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Finance Glossary

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Wrap Account


No, not the kind of account that Jay-Z opens just because he's Jay-Z. He might, but not because he's a (w)rapper. A wrap account is one where the broker manages the portfolio for an annual fee, usually based as a percentage of the assets in the account. The fee covers all administrative, commissions and other expenses (but usually does not cover any fees or charges imposed by an exchange or a regulatory body). The benefit of a wrap account is that it prevents investors from being swamped by commissions because they have a trigger-happy broker who trades like a lab rat on crack.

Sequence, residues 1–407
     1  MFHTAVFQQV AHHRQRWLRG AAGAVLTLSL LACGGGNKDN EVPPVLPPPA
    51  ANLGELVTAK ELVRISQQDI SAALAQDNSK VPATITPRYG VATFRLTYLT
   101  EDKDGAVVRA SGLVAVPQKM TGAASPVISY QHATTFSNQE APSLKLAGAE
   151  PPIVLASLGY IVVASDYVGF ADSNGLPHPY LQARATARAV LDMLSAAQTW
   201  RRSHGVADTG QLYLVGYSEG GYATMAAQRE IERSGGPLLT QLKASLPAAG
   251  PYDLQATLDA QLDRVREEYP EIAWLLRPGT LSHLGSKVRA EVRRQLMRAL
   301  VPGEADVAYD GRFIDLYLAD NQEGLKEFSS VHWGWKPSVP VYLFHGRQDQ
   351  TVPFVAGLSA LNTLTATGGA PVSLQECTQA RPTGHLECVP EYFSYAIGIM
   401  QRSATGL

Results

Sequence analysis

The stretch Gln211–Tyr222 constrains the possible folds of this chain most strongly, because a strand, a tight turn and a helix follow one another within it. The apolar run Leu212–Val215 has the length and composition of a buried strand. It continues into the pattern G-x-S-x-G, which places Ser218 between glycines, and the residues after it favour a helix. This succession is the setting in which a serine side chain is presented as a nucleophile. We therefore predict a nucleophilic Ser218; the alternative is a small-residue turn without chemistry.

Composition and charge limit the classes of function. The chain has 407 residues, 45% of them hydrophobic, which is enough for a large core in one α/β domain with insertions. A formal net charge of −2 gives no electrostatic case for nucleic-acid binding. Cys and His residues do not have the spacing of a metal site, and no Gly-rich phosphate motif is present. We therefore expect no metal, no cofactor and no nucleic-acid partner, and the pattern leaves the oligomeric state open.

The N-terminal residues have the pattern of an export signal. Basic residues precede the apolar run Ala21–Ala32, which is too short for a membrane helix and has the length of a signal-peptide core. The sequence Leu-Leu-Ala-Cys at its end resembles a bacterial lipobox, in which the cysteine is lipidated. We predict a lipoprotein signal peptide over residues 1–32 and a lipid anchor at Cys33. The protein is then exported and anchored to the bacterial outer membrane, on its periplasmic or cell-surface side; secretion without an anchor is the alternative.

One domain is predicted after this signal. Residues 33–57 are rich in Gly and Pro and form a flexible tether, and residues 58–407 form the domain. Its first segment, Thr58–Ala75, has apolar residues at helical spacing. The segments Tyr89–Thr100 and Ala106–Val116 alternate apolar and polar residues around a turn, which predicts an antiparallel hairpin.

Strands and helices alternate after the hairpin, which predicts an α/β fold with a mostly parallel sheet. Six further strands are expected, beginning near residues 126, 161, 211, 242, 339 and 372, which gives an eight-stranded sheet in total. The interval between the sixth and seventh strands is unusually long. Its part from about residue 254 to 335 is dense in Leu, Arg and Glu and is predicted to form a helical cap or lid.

Clients like wrap accounts—they are the equivalent of the all-you-can-eat salad bar. And banks like them as well because they provide income predictability and a longer term consultative relationship with clients. 

A typical wrap might cost a standard client 1% of assets under management, so if Jay-Z gives his broker $100 million under a wrap account, he'll be charged a million bucks a year in return for handling all of Jay-Z's trading, wiring, account, and a whole bunch of other services. And for many large brokerages, wrap accounts allow for their clients to be able to buy various flavors of funds (mutual, hedge, index) at "wholesale" prices; that is, if the fund is a captive fund maintained by the brokerage, the wrap account allows the client to buy with no commission or upfront charges.